This Article examines the rapidly evolving role of the nation's electric utilities in developing the network of public electric vehicle ("EV") charging stations across the country required to facilitate the growth of EVs. As EV adoption in the United States continues to rise, the roles that governmental entities, electric utilities, and market actors will play in deploying the EV charging stations necessary to support transportation electrification remains a central question. This question raises a multitude of issues relating to consumer demand for EVs, competitive markets, utility rate design, government mandates and incentives, policies to reduce carbon emission and other air pollutants, and equity concerns. This Article focuses specifically on state public utility commissions, which will review and approve electric utility proposals to invest hundreds of millions of dollars in EV charging infrastructure that would be paid for, in most cases, by utility customers through cost-of-service ratemaking. This Article considers how state approaches on this issue may differ, at least in the short term, depending on varying state environmental policies, politics, geography, and utility regulatory structure. One constant among the states, however, is the range of rulemaking, investigatory, and adjudicative processes available to state utility commissions to consider these proposed utility investments. This Article concludes that public utility commissions in each state should focus on using their investigative and adjudicative authority to create a robust administrative record for EV charging-related decisions-both general rulemaking decisions and individual utility proposal decisions. These investigative and adjudicative proceedings can support decisions today regarding short-term utility pilot programs, as well as form the basis for broader, far-reaching policies to govern development in the long term. Notably, there are good reasons for state utility commissions to be central players in this process. State commissions, acting in their adjudicative capacity, can be more nimble than state legislatures, allowing for experimentation over different utility rate proceedings, serving an information gathering function for subsequent legislative action and commission rulemaking, and facilitating early investment in EV charging, where appropriate.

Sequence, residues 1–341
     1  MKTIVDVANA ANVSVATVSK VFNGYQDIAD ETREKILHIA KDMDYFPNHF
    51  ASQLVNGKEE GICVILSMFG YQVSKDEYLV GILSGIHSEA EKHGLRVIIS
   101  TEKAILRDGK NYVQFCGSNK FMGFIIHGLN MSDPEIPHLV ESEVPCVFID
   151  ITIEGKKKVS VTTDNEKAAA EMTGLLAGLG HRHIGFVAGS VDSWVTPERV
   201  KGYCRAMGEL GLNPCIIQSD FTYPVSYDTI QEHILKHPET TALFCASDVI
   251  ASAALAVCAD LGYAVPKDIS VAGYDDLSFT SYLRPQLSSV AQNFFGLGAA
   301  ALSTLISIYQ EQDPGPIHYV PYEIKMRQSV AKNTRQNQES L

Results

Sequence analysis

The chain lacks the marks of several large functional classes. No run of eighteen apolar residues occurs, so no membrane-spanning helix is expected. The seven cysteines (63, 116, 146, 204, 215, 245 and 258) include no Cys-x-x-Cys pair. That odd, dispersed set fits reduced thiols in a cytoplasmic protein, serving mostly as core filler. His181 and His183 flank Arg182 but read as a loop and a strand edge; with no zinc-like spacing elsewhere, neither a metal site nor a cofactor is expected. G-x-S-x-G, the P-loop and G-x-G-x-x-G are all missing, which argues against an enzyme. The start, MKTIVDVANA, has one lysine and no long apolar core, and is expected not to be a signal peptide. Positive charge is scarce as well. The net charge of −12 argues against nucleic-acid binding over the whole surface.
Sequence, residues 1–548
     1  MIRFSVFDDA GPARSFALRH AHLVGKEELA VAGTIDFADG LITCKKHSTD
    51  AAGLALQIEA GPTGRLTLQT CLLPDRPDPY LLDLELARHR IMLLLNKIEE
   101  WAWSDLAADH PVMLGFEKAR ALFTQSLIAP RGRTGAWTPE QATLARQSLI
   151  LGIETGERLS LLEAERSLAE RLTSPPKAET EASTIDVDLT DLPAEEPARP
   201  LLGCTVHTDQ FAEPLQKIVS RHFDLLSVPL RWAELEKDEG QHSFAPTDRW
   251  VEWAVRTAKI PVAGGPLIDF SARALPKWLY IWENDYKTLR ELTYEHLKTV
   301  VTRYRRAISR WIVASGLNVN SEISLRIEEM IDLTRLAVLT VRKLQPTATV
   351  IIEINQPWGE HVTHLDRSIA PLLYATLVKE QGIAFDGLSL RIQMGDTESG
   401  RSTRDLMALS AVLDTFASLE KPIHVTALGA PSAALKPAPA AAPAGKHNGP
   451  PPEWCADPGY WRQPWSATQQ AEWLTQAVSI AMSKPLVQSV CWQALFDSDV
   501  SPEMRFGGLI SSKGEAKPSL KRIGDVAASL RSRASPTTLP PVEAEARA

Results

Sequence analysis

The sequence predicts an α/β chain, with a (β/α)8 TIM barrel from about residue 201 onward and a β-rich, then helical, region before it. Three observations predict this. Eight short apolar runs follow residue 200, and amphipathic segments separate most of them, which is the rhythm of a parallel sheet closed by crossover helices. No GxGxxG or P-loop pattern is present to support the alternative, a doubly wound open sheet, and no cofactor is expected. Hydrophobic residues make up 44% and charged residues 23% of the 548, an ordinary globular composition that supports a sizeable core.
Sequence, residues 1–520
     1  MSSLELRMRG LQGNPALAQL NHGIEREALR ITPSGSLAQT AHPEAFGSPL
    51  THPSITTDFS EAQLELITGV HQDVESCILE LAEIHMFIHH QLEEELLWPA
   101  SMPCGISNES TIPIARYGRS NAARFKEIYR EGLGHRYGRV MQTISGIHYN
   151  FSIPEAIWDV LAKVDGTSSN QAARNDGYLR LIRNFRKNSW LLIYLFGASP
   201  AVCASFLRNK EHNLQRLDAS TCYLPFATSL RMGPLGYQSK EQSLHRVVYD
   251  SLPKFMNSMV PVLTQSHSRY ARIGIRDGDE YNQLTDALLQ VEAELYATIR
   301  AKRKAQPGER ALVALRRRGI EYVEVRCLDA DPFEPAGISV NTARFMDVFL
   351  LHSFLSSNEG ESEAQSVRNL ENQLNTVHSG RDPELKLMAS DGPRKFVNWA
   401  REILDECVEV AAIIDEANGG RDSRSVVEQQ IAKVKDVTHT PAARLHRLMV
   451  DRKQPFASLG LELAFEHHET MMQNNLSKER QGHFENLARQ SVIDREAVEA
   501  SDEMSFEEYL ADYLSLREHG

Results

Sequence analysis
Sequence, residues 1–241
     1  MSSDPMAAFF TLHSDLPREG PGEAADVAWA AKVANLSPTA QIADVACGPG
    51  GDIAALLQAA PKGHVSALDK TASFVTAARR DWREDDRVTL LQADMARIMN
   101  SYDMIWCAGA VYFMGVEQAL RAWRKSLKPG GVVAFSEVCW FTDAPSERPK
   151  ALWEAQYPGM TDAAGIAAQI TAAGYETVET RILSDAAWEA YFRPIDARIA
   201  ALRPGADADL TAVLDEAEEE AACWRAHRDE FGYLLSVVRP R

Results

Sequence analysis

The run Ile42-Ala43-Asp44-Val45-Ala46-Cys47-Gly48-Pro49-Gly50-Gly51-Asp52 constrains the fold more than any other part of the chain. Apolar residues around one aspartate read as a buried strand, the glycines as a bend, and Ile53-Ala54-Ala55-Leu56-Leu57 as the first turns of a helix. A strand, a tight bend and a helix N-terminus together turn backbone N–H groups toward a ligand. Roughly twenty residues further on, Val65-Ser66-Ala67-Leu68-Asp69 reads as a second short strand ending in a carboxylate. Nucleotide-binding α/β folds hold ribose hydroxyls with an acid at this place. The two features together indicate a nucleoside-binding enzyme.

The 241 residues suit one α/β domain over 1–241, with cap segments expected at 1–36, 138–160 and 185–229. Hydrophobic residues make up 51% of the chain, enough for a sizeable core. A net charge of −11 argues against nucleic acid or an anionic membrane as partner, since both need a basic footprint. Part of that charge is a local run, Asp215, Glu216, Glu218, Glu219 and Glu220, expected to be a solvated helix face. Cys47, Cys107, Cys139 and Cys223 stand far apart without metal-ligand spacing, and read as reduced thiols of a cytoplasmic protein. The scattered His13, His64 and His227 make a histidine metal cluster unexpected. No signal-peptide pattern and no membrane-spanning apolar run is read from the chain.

|Original language||English (US)|
|Number of pages||73|
|Journal||Iowa Law Review|
|State||Published - Jan 2019|